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Male Menopause needs to be talked about


male menopause imageArticle by Dr Lynda Shaw

There is a common misconception that male menopause is just a derogatory term used by women (colloquially sometimes called “man-opause) to explain irritable moods and lack of energy, but as a cognitive neuroscientist and ageing specialist I believe that it is an issue that many 40 to 60 year old men may suffer from and isn’t to be taken lightly.

Women are not the only ones who suffer the effects of changing hormones. Doctors are noticing that men are reporting some of the same symptoms that women experience in menopause but it may not be as well defined. Men do experience a decline in the production of the male hormone testosterone with ageing.  Unlike menopause in women, when hormone production stops completely, testosterone decline in men is a slower process. A healthy man may be able to make sperm well into his 80s.”

Other symptoms associated with male menopause may include mood swings, lack of concentration, lack of energy with tiredness, loss of libido and perhaps impotence.  These can have a huge impact on a male psyche and signals a major transition in the male brain.

Male menopause is much harder to quantify

This may be due to a sharp decline in hormones aligning with the female menopause, but this isn’t always the case” says Shaw.  “These symptoms are age related, which may be due to or exacerbated by stress, drinking too much alcohol, smoking, poor diet, lack of exercise, depression or anxiety from other triggers that may have taken place.  Male menopause is much harder to quantify and therefore is often brushed under the carpet.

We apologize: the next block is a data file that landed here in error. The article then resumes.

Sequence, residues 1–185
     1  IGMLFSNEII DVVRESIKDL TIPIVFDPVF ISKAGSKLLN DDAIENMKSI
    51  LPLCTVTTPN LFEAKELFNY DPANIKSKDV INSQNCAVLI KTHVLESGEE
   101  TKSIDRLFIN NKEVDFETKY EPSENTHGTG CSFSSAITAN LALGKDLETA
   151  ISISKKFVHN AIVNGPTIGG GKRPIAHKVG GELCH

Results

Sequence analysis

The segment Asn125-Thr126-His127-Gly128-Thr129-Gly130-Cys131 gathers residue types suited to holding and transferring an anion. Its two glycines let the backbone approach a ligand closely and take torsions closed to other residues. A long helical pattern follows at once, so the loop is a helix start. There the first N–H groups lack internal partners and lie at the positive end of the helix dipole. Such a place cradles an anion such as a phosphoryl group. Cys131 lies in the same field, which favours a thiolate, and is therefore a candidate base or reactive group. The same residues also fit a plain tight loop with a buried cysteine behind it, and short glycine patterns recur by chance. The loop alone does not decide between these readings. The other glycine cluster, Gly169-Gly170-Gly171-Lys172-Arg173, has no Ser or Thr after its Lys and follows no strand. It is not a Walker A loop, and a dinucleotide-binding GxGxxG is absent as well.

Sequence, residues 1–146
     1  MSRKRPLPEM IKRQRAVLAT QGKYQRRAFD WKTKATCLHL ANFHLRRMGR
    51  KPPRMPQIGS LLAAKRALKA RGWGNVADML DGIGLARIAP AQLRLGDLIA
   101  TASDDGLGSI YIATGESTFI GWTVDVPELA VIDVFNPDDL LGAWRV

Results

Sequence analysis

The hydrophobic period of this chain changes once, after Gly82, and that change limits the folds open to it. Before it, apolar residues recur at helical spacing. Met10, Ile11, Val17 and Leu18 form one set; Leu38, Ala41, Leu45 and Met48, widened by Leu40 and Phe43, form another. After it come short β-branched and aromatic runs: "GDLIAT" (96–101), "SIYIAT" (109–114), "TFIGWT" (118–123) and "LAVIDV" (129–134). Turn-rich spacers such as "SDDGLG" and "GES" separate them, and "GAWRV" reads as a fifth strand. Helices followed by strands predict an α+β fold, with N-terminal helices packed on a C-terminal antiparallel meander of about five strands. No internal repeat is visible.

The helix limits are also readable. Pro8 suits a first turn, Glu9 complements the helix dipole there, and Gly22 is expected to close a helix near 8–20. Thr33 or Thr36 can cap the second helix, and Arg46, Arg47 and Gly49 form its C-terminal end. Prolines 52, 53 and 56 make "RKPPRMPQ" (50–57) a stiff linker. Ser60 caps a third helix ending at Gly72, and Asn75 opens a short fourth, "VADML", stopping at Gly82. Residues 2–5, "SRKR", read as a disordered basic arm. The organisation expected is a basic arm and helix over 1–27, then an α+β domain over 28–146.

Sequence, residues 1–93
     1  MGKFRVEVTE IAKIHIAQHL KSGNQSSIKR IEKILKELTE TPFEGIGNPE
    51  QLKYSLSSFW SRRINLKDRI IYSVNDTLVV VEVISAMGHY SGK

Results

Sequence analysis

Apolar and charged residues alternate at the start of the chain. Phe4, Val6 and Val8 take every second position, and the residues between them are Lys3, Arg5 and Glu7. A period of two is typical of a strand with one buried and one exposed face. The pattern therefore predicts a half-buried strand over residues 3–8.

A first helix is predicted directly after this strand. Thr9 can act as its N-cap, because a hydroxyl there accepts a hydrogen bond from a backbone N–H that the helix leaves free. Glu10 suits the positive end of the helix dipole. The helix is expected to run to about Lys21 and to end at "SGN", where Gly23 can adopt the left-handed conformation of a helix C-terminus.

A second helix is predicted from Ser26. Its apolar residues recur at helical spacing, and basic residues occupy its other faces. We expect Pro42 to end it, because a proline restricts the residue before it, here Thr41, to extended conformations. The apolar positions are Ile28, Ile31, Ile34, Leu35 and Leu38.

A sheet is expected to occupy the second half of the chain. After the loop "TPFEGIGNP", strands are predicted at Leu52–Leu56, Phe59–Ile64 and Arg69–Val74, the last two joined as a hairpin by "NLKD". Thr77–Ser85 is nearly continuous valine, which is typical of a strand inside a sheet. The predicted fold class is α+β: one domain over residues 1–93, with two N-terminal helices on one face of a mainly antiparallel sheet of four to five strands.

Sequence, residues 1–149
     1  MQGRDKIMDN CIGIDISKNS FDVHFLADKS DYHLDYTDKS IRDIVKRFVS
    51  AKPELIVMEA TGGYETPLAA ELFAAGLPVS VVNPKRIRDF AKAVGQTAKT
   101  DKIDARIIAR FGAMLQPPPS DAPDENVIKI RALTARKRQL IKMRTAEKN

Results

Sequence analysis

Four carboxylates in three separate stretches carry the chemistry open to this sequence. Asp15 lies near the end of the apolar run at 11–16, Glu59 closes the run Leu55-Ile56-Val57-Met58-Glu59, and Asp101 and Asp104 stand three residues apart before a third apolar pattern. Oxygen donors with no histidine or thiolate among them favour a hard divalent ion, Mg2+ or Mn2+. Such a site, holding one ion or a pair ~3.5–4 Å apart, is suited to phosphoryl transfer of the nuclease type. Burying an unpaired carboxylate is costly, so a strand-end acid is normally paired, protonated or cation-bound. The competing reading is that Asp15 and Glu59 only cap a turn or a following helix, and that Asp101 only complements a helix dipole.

I recommend that men should seek advice from their GP if symptoms become too much.  The GP may suggest antidepressants, cognitive behavioural therapy or a hormone test for levels of testosterone.   There are also actions men can take to help themselves and an exercise programme is a good place to start.  Eating well is essential as is replacing alcohol and caffeine with plenty of water where possible.

“If lack of sex drive is causing a rift between a man and his partner, it is a good idea to talk.  Spend time with one another.  Holding hands and hugging will stimulate oxytocin in the brain, which will reignite feelings of closeness and intimacy. The upside is if testosterone is diminishing in the male brain some researchers suggest his response to oxytocin and estragon may now become stronger thus resulting in more nurturing behaviour.”

 

Dr Lynda Shaw

Dr Lynda Shaw has lectured in Psychology and Neuroscience at Brunel University and conducted research on brain function and impairment, specialising in consciousness, emotion and the effects of ageing

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Comments

  1. Doris Russell

    August 15, 2013

    Some men won’t get help and don’t want to even admit these signs. They are irritable sometimes because they just don[t want to admit that it[‘s because they are getting older.

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